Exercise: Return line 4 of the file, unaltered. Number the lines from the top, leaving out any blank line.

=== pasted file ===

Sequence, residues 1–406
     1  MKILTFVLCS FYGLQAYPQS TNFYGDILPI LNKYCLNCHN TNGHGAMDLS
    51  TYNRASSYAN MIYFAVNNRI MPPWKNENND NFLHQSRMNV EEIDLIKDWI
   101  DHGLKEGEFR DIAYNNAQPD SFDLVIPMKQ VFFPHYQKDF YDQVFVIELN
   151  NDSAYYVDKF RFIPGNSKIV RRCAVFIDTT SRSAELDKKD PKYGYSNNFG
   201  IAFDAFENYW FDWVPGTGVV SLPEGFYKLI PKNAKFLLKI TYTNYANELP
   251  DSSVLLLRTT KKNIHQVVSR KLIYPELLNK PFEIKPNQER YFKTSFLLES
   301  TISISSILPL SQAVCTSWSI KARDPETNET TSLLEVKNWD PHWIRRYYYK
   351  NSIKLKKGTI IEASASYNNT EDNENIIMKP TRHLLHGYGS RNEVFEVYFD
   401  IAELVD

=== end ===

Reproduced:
   101  DHGLKEGEFR DIAYNNAQPD SFDLVIPMKQ VFFPHYQKDF YDQVFVIELN